MIT study highlights benefits of using wood-based building materials

With growing interest in the use of wood products in construction, Weyerhaeuser has been encouraging greater recognition of the environmental and economic benefits of substituting lumber for energy-intensive building materials such as cement and steel, which account for nearly 10 percent of human-made greenhouse gas emissions. That’s why we recently partnered with MIT’s Joint Program on the Science and Policy of Global Change on a new study published in December 2019 in the journal Energy Economics, “The economic and emissions benefits of engineered wood products in a low-carbon future.”

In the study, MIT scientists found that using lumber products instead of cement, iron and steel could significantly cut construction emissions and costs. Specifically, researchers determined that the CO2 intensity of lumber production — tons of CO2 emissions per dollar of output — is less than 25 percent of cement, less than 50 percent of iron and steel, and about 20 percent less than fabricated metal products. In other words, substituting wood for other construction materials not only reduces emissions, it also reduces the cost of reducing emissions.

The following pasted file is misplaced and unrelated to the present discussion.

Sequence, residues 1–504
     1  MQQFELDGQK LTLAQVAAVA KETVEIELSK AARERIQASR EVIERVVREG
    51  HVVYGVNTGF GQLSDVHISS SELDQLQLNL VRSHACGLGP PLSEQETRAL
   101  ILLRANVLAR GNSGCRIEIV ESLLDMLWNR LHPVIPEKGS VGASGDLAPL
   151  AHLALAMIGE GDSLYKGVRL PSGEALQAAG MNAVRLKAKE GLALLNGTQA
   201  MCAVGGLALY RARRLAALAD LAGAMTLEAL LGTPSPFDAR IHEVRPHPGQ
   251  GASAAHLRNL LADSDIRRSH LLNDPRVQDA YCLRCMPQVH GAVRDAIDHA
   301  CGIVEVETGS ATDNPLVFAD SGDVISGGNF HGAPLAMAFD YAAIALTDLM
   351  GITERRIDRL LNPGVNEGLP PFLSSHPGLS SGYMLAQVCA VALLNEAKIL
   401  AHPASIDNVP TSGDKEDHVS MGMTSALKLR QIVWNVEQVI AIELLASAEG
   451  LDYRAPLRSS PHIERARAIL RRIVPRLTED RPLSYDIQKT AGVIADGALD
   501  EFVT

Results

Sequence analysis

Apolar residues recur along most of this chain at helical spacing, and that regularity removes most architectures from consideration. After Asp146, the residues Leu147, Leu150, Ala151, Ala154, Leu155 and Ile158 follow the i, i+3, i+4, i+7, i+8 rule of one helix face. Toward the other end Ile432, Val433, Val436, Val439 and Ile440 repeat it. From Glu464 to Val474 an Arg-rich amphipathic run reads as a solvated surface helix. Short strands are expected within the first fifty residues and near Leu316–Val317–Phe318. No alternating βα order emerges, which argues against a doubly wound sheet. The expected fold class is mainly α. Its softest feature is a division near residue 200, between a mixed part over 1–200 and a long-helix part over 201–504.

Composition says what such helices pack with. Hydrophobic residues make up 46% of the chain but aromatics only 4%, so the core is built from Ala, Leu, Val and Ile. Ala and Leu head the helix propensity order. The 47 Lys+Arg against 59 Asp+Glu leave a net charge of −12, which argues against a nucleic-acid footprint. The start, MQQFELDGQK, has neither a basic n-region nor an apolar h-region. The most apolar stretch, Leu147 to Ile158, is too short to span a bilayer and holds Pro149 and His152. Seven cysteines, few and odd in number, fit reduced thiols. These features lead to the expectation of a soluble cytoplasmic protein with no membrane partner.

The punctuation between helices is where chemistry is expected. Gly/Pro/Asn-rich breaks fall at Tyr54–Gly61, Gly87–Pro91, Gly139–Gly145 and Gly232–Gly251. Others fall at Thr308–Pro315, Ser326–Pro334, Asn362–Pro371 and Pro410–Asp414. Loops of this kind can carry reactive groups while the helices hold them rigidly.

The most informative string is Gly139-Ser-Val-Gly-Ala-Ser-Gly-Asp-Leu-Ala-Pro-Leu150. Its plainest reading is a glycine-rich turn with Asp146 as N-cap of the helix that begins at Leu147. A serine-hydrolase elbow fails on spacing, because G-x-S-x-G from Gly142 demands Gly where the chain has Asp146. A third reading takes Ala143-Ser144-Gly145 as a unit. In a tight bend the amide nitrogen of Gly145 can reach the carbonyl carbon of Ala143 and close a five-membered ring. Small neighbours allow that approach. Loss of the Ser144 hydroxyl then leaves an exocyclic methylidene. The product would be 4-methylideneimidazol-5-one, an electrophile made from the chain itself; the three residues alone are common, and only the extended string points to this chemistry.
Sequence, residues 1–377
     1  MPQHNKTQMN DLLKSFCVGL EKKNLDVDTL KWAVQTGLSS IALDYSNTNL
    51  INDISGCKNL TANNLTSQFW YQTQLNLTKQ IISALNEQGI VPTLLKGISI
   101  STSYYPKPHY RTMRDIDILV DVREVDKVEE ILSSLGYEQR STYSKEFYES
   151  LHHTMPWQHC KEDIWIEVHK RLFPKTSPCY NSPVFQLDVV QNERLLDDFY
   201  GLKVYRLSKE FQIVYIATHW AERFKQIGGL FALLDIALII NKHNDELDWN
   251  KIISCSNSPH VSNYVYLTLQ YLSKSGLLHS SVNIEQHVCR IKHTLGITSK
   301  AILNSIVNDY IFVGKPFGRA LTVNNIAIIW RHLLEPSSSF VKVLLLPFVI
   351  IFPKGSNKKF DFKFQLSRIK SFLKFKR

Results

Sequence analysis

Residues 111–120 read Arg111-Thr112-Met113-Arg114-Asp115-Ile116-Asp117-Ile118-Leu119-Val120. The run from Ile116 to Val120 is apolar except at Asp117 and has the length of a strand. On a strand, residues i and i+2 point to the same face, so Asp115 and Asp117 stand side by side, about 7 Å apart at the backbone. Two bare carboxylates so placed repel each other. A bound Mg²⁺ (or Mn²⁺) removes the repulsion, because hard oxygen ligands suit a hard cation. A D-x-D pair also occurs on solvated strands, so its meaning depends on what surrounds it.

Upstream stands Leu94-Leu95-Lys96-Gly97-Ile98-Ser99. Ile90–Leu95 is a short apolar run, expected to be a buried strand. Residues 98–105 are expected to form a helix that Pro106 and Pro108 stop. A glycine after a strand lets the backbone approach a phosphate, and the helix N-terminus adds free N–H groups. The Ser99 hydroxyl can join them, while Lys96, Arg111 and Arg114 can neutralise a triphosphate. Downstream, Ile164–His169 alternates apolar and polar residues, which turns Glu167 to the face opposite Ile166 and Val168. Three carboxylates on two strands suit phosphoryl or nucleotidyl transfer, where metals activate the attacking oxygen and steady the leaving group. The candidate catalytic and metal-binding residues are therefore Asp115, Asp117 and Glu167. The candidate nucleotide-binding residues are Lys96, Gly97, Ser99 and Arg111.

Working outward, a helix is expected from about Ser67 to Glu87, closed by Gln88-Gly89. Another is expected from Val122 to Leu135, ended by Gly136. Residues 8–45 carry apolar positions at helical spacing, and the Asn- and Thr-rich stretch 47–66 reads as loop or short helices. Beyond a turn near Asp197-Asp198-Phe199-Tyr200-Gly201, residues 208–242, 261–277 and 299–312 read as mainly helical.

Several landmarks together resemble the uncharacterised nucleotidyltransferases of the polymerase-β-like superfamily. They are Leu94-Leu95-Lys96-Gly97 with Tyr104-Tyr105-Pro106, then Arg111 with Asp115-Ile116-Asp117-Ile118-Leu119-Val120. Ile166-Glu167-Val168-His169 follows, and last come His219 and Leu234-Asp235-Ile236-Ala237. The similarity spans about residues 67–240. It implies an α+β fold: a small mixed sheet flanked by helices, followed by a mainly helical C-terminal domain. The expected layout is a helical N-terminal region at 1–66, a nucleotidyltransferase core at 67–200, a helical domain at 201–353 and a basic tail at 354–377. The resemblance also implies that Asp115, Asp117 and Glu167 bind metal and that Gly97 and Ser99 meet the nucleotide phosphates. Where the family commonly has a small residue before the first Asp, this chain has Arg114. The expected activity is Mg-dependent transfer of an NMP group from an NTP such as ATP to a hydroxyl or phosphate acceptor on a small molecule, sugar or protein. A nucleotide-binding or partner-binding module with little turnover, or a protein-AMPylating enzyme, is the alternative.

“These findings are a clear win for Weyerhaeuser and sustainable forestry,” says Alicia Robbins, director of strategic planning for Weyerhaeuser. “Managed forests play a key role in mitigating climate change, and we’re excited to see more of those benefits quantified in such strong terms.”

For this model, researchers focused on the construction sector, including emissions resulting from the use of fossil fuels in harvesting, transporting, fabricating and milling lumber products. They did not include other potential benefits associated with carbon sequestration in wood-based building materials, and Weyerhaeuser is collaborating with MIT, their research partners and other companies in our industry to develop an approach to capturing the full carbon story of managed forests.